‘Lebanese Artists in Solidarity with Agenda Culturel’ auction now underway

‘Lebanese Artists in Solidarity with Agenda Culturel’ auction now underway

Publishing house marks 25+2 anniversary with large-scale art sale and other celebrations


Myriam Shuman, Agenda Culturel


To say things have been difficult for the Lebanese people in recent years would be a huge understatement. 


However, already renowned for their resilience, resourcefulness and spirit, many citizens have continued to dig deep, despite facing a slew of challenges, and even found time to mark a special occasion in style.


One such event just around the corner is Agenda Culturel’s 25th anniversary celebrations, delayed from 2019, but now firmly on this year’s Fall calendar. 


Myriam Shuman, who oversees the publishing house’s operations, explained that the team are now in the final stages of preparing a fantastic feast of entertainment, showcasing both the visual and performing arts, which will take place at Beit Beirut on October 28 and is now being billed as Agenda Culturel’s 25+2 birthday.


A highlight of the celebrations will be a large-scale art auction, titled ‘Lebanese Artists in Solidarity with Agenda Culturel’, which is being organised in conjunction with ArtScoops. “The auction is significant for us in that it marks the first time that we’re asking Lebanese artists and galleries to donate a piece of art to raise funds directly to support Agenda Culturel and ensure we can continue with our work on a firm footing,” Myriam explained.


The sale will showcase an impressive 80 or so pieces of work, created using a diverse mix of media. It will run from October 25-27 online, with viewing also available at Agenda Culturel’s offices, before culminating in a live finale at Beit Beirut (Sodeco) on October 28.


While the auction has no specific theme, there will undoubtedly be several highlights amongst the pieces for sale. On a separate note, and in keeping with Agenda Culturel’s role of championing the avant garde, the publishing house will also present the first Non Fungible Token (NFT) artwork during an auction in Lebanon.


The project – a collaboration with the Cheriff Tabet Gallery – will perfectly merge the old with the new, taking the form of a selected piece by the nonagenarian artist Samir Tabet, which is set to be digitalized. “We’re especially delighted that the subject of the artwork is apples, since we decided to dedicate our anniversary celebrations to the Lebanese Apple, in recognition of its symbolic and historic role as a vital fruit of the land and unifying beacon of hope for the future,” Myriam said.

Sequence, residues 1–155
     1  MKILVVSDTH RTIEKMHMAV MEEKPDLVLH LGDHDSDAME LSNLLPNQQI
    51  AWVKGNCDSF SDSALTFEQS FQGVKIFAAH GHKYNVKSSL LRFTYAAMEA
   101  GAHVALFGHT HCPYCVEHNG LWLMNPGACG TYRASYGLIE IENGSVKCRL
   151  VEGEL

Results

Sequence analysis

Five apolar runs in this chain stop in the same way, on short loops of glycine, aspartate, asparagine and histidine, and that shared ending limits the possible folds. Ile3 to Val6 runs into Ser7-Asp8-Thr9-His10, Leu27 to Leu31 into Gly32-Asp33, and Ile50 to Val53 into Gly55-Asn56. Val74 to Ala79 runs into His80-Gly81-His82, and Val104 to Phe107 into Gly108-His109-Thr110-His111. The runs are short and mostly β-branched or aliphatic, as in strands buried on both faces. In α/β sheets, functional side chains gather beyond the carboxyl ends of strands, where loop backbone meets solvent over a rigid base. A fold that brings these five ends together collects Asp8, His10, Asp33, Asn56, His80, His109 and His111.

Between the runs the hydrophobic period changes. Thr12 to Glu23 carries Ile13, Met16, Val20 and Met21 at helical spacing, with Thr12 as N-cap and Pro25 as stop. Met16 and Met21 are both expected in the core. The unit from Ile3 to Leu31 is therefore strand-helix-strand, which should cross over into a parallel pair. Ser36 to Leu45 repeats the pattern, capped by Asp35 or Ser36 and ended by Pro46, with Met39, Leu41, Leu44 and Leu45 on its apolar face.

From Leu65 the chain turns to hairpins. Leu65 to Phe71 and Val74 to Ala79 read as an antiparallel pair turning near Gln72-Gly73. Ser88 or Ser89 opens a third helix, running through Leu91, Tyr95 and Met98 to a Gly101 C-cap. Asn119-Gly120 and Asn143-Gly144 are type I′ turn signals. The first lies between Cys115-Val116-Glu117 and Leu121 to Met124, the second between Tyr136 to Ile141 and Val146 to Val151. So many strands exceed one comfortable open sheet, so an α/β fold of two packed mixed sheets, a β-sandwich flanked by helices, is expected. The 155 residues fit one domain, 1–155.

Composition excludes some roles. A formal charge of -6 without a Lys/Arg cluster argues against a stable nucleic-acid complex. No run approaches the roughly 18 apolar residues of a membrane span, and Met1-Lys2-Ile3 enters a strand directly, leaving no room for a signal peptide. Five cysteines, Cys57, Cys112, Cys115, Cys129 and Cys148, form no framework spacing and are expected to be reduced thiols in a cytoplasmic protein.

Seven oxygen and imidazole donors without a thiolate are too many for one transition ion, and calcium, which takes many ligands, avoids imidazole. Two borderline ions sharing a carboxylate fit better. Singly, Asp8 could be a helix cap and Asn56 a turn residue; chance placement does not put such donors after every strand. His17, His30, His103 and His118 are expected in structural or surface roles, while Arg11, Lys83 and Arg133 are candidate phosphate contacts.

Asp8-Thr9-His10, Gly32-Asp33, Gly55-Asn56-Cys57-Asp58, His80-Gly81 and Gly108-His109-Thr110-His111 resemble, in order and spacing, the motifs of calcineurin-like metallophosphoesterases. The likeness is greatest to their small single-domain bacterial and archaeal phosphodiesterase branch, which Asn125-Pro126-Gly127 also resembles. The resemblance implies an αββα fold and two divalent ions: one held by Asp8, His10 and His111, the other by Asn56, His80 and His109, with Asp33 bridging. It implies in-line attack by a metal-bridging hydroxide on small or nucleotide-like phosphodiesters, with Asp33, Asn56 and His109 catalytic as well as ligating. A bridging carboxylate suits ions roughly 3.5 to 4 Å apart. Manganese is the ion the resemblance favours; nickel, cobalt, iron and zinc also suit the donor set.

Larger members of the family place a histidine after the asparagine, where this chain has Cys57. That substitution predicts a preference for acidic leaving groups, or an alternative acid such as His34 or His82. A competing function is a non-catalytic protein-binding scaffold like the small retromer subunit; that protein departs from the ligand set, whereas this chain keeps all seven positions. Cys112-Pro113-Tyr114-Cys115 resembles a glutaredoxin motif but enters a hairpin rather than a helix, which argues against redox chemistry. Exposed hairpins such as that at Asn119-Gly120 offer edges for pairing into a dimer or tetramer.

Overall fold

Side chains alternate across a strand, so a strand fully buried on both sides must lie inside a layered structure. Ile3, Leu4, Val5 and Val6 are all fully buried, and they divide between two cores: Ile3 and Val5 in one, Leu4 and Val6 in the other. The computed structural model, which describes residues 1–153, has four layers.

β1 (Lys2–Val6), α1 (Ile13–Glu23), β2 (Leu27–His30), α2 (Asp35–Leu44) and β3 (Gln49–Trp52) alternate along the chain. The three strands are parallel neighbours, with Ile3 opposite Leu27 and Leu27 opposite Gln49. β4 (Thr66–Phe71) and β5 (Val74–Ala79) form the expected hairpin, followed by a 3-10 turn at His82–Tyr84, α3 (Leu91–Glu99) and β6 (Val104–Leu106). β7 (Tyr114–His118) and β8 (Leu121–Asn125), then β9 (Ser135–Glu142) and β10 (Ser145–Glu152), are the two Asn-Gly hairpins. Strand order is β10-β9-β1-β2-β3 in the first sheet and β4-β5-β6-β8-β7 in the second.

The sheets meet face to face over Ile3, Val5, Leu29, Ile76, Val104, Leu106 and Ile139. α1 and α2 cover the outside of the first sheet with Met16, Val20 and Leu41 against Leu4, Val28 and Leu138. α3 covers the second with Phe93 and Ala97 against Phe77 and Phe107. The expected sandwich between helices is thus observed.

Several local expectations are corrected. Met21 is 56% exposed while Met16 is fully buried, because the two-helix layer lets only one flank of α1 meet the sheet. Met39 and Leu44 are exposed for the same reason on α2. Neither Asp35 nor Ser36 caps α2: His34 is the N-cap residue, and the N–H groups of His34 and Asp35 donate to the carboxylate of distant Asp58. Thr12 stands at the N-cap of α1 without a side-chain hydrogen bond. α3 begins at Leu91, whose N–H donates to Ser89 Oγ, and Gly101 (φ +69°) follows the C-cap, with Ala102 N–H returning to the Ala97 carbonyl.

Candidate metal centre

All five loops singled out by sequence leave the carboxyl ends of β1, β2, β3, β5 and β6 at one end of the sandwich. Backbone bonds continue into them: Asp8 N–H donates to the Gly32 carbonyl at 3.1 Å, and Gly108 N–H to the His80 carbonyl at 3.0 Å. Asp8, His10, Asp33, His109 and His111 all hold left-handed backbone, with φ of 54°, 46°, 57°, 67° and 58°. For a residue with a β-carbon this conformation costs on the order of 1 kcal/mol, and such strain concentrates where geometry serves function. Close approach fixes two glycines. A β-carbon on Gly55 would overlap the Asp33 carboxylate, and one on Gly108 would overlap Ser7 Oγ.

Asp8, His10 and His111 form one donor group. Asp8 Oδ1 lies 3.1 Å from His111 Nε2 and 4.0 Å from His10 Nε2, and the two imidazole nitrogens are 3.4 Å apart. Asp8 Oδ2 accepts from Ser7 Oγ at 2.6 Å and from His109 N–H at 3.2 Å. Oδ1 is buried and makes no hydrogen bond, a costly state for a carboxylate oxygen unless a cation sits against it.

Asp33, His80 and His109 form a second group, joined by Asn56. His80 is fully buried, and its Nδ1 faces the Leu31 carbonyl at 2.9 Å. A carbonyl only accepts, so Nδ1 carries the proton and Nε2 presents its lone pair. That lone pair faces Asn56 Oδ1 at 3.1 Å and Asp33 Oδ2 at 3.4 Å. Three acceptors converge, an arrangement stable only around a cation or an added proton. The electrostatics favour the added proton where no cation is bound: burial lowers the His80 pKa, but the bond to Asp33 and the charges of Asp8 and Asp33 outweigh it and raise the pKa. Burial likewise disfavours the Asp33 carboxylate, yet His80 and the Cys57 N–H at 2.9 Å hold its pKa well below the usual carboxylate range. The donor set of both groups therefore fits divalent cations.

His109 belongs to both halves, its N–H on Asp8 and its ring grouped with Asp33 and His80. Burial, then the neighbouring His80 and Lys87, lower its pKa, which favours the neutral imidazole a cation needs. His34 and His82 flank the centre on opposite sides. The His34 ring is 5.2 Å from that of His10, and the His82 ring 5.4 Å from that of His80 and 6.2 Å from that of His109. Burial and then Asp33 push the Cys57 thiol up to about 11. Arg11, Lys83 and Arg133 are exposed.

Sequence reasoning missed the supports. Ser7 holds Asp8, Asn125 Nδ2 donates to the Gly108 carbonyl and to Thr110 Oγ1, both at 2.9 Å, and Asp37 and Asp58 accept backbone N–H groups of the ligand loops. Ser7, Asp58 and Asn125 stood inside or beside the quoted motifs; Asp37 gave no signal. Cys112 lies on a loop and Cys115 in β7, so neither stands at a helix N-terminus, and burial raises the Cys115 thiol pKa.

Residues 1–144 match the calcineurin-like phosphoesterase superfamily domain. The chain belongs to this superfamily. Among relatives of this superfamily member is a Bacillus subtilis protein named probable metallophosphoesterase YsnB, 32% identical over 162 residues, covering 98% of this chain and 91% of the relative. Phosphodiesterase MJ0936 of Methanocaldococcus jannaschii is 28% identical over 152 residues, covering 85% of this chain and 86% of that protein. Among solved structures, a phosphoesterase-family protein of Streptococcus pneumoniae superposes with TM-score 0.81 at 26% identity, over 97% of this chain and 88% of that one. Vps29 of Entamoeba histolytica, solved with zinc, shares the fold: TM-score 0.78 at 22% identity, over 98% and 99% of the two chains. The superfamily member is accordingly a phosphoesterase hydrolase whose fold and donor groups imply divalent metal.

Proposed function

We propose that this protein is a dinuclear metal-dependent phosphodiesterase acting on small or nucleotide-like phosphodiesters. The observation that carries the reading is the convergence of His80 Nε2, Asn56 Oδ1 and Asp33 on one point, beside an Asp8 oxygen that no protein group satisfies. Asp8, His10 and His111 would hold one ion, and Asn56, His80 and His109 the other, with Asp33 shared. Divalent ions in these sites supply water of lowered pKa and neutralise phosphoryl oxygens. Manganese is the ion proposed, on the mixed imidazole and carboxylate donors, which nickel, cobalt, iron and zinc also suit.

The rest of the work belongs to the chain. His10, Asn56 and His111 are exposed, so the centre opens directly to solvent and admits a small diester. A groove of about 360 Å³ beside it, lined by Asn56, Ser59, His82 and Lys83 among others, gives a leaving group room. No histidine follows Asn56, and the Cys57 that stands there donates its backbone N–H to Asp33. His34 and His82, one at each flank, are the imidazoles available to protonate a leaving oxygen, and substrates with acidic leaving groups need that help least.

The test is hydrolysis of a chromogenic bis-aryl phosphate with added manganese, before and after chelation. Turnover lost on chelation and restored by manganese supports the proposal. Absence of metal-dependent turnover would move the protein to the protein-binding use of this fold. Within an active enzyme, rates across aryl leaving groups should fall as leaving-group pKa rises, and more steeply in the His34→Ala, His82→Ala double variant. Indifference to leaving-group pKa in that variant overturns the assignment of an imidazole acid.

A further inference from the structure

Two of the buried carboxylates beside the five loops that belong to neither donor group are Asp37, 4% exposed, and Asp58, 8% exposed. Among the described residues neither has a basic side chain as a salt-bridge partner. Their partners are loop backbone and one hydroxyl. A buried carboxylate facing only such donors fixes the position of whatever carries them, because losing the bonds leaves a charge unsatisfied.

While Agenda Culturel is looking to the auction to secure its future, the publishing house’s team have kept themselves busy during the pandemic-induced lockdowns by working on several new projects. Top of the list is a new English language version of their flagship publication, titled mymagenda.com, which will be launched during the birthday celebrations and represents the result of two years of painstaking research.


Myriam explained that the decision to produce a resource in English was made after the team identified a gap in the market. “We realised that despite demand, there wasn’t a single tool in English bringing all the art and cultural events taking place across the region under one umbrella, so coming up with content to meet that need definitely seemed like a good thing to do,” she said. 


Other projects that have kept Myriam and her colleagues occupied during the worst of the pandemic included the launch of a popular series of interviews with personalities who shared their lockdown experiences, titled ‘Life in the Time of Corona’.


Myriam is convinced that Agenda Culturel’s strong digital presence was a bonus when the challenging environment forced the publishing house to suspend its print runs and move online. “Fortunately, we’d launched the website early and already had a strong, loyal following online,” she said. “Having everything in place made things much easier. In fact, our weekly newsletter has become a regular inbox feature which we know art and culture lovers look forward to receiving.”


Other successful projects include the Beirut Art Map (BAM), which, Myriam explained, brought all the galleries and their shows together in a single document, pre-Covid, and triggered follow-up projects in the form of a BAM for Guesthouses in 2020 and the highly successful, EU-sponsored, summer map for wineries, guesthouses and museums. “We were confident that people would want to go out and enjoy themselves in summer, after such a difficult time,” Myriam said of the summer initiative. “The project went down really well with readers, which inspired us to work on a winter concept that includes new categories, such as handicrafts and fairs. We’re now looking at new, tourism-related ideas and have expanded our digital tools to include podcasts and videos.” 


Myriam said that while Agenda Culturel had long led the way in championing Lebanon’s art and culture scene, she was convinced it now had a bigger, broader role to play in helping Lebanon reinvent itself at what was unarguably a time of transition for the country. 


“It’s been a privilege to have carved a niche as the go-to resource for all things art and culture related, but we also believe we can support Lebanon as it looks to regain its identity and map out its future,” she said. “We’ve been amazed at the generosity shown by artists donating to our auction and truly hope that this sale will not only provide a welcome opportunity to celebrate our milestone anniversary, but also enable us to throw our weight behind the country that we love and believe in through new projects.”


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